In the brief history of Kickstarter game projects, camouflaj's slick and innovative stealth/survival horror game Republique is probably the most nerve-wrecking tale of an experienced team of affable developers racing against the clock to get their dauntingly ambitious new IP off the ground (they got fully funded with less than 8 hours to go). Part of the problem with Republique - as well as its underlying appeal - is that unlike most Kickstarter games it's not at all about feeding on nostalgia and resurrecting a dormant franchise; this is a new and decidedly "modern" game with intentionally high production values, innovative control mechanics and cinematic storytelling. Some grumpy Luddites were undoubtedly put off by the emphasis on iOS, but for once I feel that a "serious" (i.e. non-casual) gameplay idea has been tailored convincingly to the strengths and limitations of the platform. And while it's clear that the team didn't take the decision to add a PC version lightly, they've been very clear about their ambitions to go beyond a mere port and adapt the experience and interface to PC standards.
Xenonauts (Pledged: $30) (not including a previously placed pre-order)
Almost everything I hear about Firaxis' re-boot of X-COM warms my geeky heart, but there's no question that the independently developed Xenonauts is even more of a "spiritual successor" to the original Enemy Unknown. Lead Designer Chris England has already invested a lot of his own time and money into resurrecting this innovative combination of isometric combat, UFO spotting and base management, and judging by the early demos this looks like a very accomplished and faithful take on the classic gameplay formula.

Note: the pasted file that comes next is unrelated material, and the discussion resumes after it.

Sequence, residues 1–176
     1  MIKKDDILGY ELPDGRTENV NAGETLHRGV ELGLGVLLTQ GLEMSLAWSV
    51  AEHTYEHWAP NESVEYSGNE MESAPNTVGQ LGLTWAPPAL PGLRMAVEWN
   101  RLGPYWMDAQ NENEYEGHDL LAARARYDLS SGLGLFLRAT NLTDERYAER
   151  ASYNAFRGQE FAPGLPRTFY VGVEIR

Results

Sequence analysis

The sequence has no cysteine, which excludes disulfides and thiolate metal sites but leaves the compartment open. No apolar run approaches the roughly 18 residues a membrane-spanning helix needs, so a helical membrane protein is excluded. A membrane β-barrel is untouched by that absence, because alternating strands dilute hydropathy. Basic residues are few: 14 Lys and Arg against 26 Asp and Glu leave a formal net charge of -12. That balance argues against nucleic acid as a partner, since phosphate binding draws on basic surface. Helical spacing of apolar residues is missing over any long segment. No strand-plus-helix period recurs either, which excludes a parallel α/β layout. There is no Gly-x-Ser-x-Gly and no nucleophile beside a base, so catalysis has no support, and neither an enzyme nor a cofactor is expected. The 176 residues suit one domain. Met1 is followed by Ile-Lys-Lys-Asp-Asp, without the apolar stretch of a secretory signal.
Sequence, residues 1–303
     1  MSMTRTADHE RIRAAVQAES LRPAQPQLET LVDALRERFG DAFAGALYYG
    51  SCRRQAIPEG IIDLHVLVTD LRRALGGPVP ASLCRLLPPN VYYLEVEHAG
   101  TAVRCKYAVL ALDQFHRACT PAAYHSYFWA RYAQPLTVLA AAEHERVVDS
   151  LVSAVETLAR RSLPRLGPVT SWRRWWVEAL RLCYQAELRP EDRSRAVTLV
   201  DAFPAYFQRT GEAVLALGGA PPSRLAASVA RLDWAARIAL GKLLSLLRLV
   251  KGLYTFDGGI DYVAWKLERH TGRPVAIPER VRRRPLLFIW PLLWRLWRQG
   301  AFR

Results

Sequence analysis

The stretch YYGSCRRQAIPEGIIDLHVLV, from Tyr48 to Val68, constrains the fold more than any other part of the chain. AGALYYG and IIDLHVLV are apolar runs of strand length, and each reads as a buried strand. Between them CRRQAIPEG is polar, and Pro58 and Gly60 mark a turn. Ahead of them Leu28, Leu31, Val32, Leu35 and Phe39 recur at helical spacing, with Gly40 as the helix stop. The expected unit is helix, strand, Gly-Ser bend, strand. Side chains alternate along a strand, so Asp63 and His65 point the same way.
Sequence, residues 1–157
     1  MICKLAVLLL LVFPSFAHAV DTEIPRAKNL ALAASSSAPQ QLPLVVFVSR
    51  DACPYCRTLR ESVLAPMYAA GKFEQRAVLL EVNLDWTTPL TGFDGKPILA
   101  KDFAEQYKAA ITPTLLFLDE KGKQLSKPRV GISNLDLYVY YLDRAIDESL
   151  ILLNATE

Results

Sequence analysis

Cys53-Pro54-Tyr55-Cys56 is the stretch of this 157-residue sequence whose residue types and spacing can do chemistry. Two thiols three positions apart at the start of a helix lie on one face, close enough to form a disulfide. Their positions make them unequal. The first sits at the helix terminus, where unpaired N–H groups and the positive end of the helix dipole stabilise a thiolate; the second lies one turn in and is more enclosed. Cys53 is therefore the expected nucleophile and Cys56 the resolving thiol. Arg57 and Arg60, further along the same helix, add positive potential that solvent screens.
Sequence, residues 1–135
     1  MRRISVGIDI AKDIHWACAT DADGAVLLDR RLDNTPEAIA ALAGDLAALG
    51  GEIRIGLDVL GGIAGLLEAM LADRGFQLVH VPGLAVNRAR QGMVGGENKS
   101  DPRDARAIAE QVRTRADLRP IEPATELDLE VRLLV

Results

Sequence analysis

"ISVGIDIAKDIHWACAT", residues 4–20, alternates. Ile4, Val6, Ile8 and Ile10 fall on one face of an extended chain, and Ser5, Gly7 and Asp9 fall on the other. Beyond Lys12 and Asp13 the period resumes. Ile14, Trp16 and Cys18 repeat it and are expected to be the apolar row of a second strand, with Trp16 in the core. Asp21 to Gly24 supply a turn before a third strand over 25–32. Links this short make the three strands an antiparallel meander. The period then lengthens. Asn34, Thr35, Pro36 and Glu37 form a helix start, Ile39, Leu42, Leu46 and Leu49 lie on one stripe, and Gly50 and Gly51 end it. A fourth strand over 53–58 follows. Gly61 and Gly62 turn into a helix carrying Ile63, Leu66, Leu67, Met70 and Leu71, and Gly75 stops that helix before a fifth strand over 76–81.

Legends of Eisenwald (Pledged: $15)
Probably one of the nerdiest indie game project on Kickstarter (...and that's saying a lot!), Legends of Eisenwald was almost worth $15 just for the adorably geeky promotion video in which the Eastern European developers dress up in silly medieval-looking costumes (with considerably less irony than might be expected given the surplus of fake armor). The game itself is an intriguing Heroes of Might & Magic-style strategy/RPG hybrid with a dynamic campaign and lots of tactical turn-based combat. As with Grim Dawn and Xenonauts, the game has been in development for some time already and could be among the first Kickstarter games to actually get released.
Leisure Suit Larry (Donated: $15)
Helping to fund a remake of Leisure Suit Larry is not exactly on the top of my list of priorities in life, but the original game was an early and formative adventure game experience for me (disturbingly early and formative, given the subject matter), so it could be interesting in more ways than one to get re-acquinted with the tasteless sleazebag Larry Laffer. If nothing else, "Ken sent me" is forever etched into my brain...
Nekro (Pledged: $15)
I'm not sure I quite understand what Nekro is all about, but the guy and the gal in that video looked like awfully nice people so why not? To be serious, though, I get a cool Overlord/Dungeon Keeper vibe from this action/strategy hybrid (Myth is also cited as an inspiration) so I hope this one turns out well.
Carmageddon: Reincarnation (Pledged: $15)
The original Carmageddon always had its twisted heart in the right place; belonging as it did to an interesting era in video gaming history when the industry was becoming rather large but not big enough to constantly have to worry about being all respectable and tasteful. My strongest memory of the original game is playing it together with a classmate who had been hit by a car a few months earlier and, well, needless to say he wasn't too excited about the whole experience. In either case, the mere concept of mowing down pedestrians might not be as quite as cool in 2012 as it was in 1997, but it could still be capable of providing some mindless irreverent fun. If nothing else, Stainless Games are the original creators of the series (as well as a fairly distinguished developer of downloadable XBLA games such as Risk Factions and Magic the Gathering), so one would think that they know what they're doing.
Two Guys SpaceVenture by the creators of Space Quest (Pledged: $15)
I know embarrassingly little about Space Quest, but apparently the games were very funny. Worth $15 for a spiritual successor? Only time will tell, but this one will probably get funded on the strength of its (implied) brand...